Amazon’s EC2 and S3 services effectively enable an operation to buy as much, an only as much, computing and storage facilities as it needs. This removes the need for large capital expenditure investments and the haggling and hand wringing which usually precedes them. They make it possible for the financial benefits resulting from the competent use of these tools to roll in and offset their cost in a fraction of the time it would have taken had the hardware been purchased by the bank. With Amazon’s no-upfront cost structure, the bank would only pay for usage, effectively offsetting some of the business risk resulting from a downturn in the company performance versus its projection.
The API (application program interface) is another advantage of this company in that it makes it possible for the bank’s internal developer to get started right away. In addition, the availability of Amazon’s Premium Support program reduces the risk of getting bogged down in technicalities and not meeting completion timeline goals.
Another not inconsequential advantage of the reduction in startup cost is that it makes it possible to go after underserved or less traditional markets. IT generally reduces the marginal cost of doing business but by reducing the upfront cost of implementing the IT functionalities, Amazon’s cloud service reduces the risk of targeting these overshot customers who found banking fees to be onerous given the relative value of their funds. This significant reduction in financial risk opens the way to potentially new and innovative business venues. Given that the US banking market is mature, opening up a novel segment represents a distinct competitive advantage.
On the other side of the equation, security concerns need to be examined. The bank’s proprietary information must be protected, not to mention our customers’ information. There is significant business risk attached to any breach in the integrity of our security. In addition, legislative mandates, such as Sarbanes-Oxley, that govern the storage and confidentiality of our customers’ information need to be addressed. Amazon’s ability to safeguard our stored data will need to be assessed by technical and legal reviewers. In addition, given the bank’s dependence on the functionality of the IT infrastructure, any downtime would be highly detrimental to our business. In this regard, Amazon has an advantage over competitors in this market in that they were first to market and have had more experience and time to work out the kinks. Their 99% uptime guarantee for the S3 service is a testament to the fact that they have experience issues in the past and have learned from them to the point of being able to offer the guarantee.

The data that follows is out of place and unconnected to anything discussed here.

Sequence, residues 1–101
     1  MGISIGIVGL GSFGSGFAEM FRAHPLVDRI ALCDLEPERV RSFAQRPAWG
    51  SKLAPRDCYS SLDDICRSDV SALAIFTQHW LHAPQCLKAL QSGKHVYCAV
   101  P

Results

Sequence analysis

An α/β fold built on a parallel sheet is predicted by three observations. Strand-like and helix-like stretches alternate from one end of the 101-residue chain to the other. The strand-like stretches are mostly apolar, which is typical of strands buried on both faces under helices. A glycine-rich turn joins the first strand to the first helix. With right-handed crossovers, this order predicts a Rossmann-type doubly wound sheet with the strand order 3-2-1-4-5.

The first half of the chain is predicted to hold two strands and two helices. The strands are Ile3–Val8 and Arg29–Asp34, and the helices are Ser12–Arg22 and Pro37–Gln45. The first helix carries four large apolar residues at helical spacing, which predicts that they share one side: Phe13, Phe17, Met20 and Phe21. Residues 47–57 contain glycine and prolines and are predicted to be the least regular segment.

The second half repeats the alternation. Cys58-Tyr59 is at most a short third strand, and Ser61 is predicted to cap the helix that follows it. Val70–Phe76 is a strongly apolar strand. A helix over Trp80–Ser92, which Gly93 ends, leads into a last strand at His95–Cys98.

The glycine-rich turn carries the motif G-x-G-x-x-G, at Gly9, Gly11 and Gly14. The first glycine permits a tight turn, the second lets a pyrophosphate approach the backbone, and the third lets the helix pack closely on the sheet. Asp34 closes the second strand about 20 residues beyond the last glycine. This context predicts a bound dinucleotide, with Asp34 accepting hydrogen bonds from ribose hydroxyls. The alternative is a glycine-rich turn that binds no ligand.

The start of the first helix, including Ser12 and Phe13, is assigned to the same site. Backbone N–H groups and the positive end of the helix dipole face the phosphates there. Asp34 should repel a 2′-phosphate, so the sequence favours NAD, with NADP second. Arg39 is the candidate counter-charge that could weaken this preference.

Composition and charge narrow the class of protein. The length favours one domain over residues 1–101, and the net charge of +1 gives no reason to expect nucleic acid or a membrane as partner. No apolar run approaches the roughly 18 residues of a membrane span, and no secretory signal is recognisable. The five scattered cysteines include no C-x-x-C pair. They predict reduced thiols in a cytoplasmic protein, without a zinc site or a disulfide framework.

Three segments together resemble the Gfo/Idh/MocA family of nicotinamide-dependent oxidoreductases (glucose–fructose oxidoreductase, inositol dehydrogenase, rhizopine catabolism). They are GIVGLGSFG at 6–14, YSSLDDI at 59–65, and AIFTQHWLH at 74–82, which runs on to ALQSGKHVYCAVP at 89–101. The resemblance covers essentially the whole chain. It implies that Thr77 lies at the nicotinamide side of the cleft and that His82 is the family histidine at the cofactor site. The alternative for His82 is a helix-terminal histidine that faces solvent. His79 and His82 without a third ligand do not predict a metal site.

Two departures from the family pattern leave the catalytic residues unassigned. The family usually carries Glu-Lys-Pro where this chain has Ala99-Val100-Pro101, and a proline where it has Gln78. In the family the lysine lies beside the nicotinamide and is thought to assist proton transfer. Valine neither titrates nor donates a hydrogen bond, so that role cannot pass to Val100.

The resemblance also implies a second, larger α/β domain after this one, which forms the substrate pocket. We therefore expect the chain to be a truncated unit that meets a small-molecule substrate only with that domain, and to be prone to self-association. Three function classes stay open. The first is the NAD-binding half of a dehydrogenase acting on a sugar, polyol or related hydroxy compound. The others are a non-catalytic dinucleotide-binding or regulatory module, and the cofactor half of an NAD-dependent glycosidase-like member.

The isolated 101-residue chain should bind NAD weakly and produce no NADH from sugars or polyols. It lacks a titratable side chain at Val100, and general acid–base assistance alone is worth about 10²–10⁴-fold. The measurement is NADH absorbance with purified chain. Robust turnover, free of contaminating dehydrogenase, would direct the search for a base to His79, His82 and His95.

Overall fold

The other consideration is that some established players have and are entering this market. Some, such as Microsoft and Google, have a greater affinity to the technology field. However, this does not automatically give them an advantage as this is a new service. Furthermore, Amazon has leaned the imperatives and modalities of implementing and maintaining a network out of their business need and may as a consequence have better insight in what is required and the flexibility needed for real world situations. They are likely less enamored with the “science” and more attached with the banal functionality and reliability.
Given the above it is advisable to outsource these essential but non core functions to an outside source. Doing so would leave enough resources to staff a small and very competent and agile internal IT department. This staff could concentrate its energy, time, and acumen on working with the upper management and members of functional areas to find and implement strategic ways of using technology to not just keep up with competition but create competitive advantages for the company.
The Amazon Kindle debuted in November of 2007 to a market ready for a leader to take charge. The rapid adoption rate by the public caused substantial disruption in several industries. Amazon quickly assumed a leadership position in the eReader market, and maintains that position today.
The most immediate industry affected by Amazon’s entrance was the existing eReader market. Companies such as Sony and Apple were immediately impacted by the disruptive entrance of a consumer-friendly competitor. Sony, who had the market leading eReader product at the time, immediately lost market share. Apple, whose products, at the time, were not direct eReader competitors, but rather smaller devices optimized for music, was impacted to a lesser extent.
Providers of free e-content were also affected by the Kindle’s launch. Google, for example, had a business model that relied on visits to its websites (and associated eMarketing sales) as opposed to sales of eBooks. Its ambitious Google Library project has been mired in legal issues for years. If it is ultimately successful, it could cause severe disruption in the market again (it very recently hit yet another legal hurdle). Meanwhile, Kindle’s sales continued to rise as the market for immediate access to electronic books grew.